Critical infrastructure and space: The new frontier
As Elon Musk, Jeff Bezos and William Shatner can attest, space is indeed the new frontier. A large part of our communication capacity as a civilization is becoming increasingly dependent on satellite relays and monitoring. With that comes cyber-risk. The national security community believes that satellites could be targeted by cyber-attacks to disrupt communications or information streams vital for commerce and security.
Many networks are now changing from terrestrial (land) based communications to the cloud, taking advantage of satellites to move data over large, international distances. There are more satellites circling in low earth than ever as launch costs have significantly lowered, which has created more targets and thus a wider attack surface for hackers to potentially attack both in space and at land-based control centers.
I agree with Samuel Visner, technical fellow at MITRE who says that “space systems should be a designated critical infrastructure. That would include launch systems, manufacturing plants, on orbit satellites and ground-based communication systems.” Industry panel: U.S. space systems need protection against cyber attacks - SpaceNews There are many capable nation state threat actors who have the capacity to do damage to space infrastructure and it could happen very soon. For a deeper dive on the cyber space threat see: Protecting Space-Based Assets from Cyber Threats - HS Today
- Industry and organizations will continue to move to Cloud, Hybrid Cloud and Edge Platforms to better optimize and securing data. This is a process that has been happening over the past several years. It will still be a major focus of budget spend for 2022.
- Updating of legacy systems and assimilation of emerging technologies such as 5G and artificial intelligence into security platforms will be prioritized. There are many shiny new toys and tools for cybersecurity operators. The challenge will be knowing how to best orchestrate those tools and understanding what is available to best mitigate industry-specific threats.
- OT and IT convergence and vulnerabilities will need to be addressed. Security by Design: OT and IT networks for industrial systems will need to be designed, updated, and hardened to meet growing cybersecurity threats. Security by design will require building agile systems with operational cyber-fusion between OT and IT to be able to monitor, recognize, and respond to emerging threats.
- More attention will be applied to Zero Trust risk management strategies. There will be more of a focus on vulnerability assessments and securing code from production throughout the life cycle. Zero trust will become more of a prevailing theme for government agency cybersecurity too.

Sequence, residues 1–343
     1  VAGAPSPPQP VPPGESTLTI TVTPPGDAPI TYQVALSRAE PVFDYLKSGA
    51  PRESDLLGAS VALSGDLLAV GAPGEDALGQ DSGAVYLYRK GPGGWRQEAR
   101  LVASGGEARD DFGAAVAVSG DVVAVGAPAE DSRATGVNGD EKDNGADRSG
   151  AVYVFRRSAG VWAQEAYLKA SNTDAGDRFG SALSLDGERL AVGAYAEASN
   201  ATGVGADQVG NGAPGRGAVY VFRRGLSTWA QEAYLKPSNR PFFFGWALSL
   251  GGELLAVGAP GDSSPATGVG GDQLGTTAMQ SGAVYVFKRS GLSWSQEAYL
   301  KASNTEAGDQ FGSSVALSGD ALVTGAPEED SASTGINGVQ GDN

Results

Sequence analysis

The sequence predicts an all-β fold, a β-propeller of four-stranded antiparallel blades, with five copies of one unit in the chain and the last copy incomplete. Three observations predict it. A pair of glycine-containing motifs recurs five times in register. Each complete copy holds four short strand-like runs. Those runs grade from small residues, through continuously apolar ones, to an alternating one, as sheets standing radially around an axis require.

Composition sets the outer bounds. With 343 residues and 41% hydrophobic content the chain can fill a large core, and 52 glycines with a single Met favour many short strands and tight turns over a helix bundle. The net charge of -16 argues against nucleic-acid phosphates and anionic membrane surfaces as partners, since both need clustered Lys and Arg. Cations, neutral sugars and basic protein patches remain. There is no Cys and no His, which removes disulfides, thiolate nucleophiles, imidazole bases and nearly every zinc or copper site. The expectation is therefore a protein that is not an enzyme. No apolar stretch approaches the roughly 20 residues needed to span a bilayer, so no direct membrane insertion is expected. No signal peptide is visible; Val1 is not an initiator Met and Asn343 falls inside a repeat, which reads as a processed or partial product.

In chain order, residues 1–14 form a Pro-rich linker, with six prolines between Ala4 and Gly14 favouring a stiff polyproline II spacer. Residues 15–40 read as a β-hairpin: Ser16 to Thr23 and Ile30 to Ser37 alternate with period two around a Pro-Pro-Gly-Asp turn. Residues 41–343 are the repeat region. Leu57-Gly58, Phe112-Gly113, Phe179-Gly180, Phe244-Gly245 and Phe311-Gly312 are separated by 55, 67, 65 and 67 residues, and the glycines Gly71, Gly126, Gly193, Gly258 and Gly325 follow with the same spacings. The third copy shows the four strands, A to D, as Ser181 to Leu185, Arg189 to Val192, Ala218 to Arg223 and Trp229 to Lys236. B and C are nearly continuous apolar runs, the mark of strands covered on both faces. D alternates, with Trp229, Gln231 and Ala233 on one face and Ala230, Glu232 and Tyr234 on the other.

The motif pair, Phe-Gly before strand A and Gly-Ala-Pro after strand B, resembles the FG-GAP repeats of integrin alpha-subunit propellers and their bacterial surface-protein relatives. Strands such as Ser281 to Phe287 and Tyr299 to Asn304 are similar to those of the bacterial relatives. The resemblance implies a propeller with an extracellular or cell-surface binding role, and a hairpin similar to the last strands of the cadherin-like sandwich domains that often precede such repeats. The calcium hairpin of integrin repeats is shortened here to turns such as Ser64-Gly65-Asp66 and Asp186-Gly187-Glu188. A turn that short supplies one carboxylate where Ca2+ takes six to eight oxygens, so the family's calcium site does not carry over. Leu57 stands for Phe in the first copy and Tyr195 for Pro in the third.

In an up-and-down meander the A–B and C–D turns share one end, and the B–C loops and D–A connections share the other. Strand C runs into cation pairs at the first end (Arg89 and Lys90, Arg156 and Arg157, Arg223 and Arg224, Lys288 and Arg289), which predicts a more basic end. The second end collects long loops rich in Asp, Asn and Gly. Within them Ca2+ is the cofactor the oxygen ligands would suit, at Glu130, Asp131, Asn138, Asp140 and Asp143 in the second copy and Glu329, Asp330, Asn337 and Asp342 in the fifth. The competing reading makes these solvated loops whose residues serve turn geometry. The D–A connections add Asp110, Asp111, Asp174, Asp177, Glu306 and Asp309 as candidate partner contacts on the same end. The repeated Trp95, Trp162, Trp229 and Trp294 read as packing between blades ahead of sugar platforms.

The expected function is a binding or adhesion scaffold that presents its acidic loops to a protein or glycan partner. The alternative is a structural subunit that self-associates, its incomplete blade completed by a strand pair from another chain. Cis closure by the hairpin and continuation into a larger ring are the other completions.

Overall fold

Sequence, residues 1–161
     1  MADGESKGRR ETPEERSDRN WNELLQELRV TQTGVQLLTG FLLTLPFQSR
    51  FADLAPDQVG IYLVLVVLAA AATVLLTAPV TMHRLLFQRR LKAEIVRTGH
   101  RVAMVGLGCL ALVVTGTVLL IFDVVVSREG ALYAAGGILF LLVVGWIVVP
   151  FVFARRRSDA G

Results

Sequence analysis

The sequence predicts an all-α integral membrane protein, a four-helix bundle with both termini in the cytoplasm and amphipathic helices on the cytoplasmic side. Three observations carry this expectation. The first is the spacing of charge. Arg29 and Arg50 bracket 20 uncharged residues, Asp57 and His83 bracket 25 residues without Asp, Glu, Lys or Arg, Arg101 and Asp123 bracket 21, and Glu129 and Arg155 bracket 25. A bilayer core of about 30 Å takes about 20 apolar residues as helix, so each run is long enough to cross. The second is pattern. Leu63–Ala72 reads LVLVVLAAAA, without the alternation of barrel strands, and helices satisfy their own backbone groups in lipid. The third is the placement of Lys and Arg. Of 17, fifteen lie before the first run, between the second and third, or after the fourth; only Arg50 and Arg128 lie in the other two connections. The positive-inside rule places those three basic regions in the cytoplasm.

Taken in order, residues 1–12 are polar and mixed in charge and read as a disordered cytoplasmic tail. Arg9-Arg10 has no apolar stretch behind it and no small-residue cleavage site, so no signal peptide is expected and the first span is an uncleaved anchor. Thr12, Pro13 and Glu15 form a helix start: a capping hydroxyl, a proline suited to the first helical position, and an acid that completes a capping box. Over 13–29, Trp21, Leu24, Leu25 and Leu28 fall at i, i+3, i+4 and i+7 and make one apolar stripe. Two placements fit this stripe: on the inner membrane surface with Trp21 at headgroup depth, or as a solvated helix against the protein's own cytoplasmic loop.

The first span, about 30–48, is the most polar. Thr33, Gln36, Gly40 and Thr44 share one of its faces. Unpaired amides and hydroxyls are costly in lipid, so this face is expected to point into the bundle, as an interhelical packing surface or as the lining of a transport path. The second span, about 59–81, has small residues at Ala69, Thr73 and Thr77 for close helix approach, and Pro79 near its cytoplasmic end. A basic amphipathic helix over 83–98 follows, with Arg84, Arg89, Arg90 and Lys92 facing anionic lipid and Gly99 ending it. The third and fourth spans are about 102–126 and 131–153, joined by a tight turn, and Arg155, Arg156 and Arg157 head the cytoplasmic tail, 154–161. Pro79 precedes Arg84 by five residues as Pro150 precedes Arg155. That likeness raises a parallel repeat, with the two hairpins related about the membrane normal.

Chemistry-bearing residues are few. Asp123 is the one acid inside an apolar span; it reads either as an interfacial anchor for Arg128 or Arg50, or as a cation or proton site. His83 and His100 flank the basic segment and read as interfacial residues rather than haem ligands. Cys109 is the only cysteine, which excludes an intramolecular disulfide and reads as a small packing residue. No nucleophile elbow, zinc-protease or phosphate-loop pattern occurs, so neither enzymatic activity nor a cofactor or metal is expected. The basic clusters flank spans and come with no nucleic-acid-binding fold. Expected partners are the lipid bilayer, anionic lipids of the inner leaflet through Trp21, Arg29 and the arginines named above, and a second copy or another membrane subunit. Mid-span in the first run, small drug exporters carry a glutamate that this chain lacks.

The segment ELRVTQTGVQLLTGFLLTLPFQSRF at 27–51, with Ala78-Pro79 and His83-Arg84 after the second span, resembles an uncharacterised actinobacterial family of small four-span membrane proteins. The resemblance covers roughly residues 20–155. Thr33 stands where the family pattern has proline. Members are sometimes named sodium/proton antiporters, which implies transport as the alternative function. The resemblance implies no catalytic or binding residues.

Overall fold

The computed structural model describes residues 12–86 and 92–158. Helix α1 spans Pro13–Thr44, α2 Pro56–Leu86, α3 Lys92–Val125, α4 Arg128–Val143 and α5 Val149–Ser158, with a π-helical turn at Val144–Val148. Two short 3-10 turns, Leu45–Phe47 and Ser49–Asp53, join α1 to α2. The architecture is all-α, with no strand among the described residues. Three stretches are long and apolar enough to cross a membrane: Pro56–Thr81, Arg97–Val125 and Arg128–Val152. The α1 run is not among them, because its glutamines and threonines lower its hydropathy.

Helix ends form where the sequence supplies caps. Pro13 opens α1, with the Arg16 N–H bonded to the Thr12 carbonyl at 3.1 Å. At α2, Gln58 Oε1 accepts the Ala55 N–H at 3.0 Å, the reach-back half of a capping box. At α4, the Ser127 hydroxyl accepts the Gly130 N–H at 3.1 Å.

- Protecting supply chains is still an area of key focus for CISOs. Sophisticated ransomware groups like REvil and Darkside were particularly active in 2021 against such targets. According to Microsoft, the SolarWinds hackers are already attacking more IT supply chain targets. SolarWinds hackers attacking more IT supply chain targets (techtarget.com) The security challenge comes down to understanding what is connected in the supply chain landscape, knowing how to best protect the most important assets, and effectively implementing strategies for mitigating and remediating a security incidents and breaches.
- More automation and visibility tools will be deployed for expanding protection of remote employee offices, and for alleviating workforce shortages. The automation tools are being bolstered in capabilities by artificial intelligence and machine learning algorithms.
- Cybersecurity will see increased operational budgets because of more sophisticated threats and consequences of breaches (and especially ransomware) to the bottom line. Cybersecurity becomes more of a C-Suite issue with every passing year as breaches can be disruptive and devastating for business.
There are dozens of other predictions I could add to the forecast, and I only highlighted several of the most pertinent ones. There are news items on cyber-threats and incidents published every week. As a society on the verge of unparalleled exponential connectivity, we are entering unchartered digital territory in 2022. New risks and unforeseen issues will no doubt confront us. Certainly, security teams will have many responsibilities and tasks at hand to address in the coming year.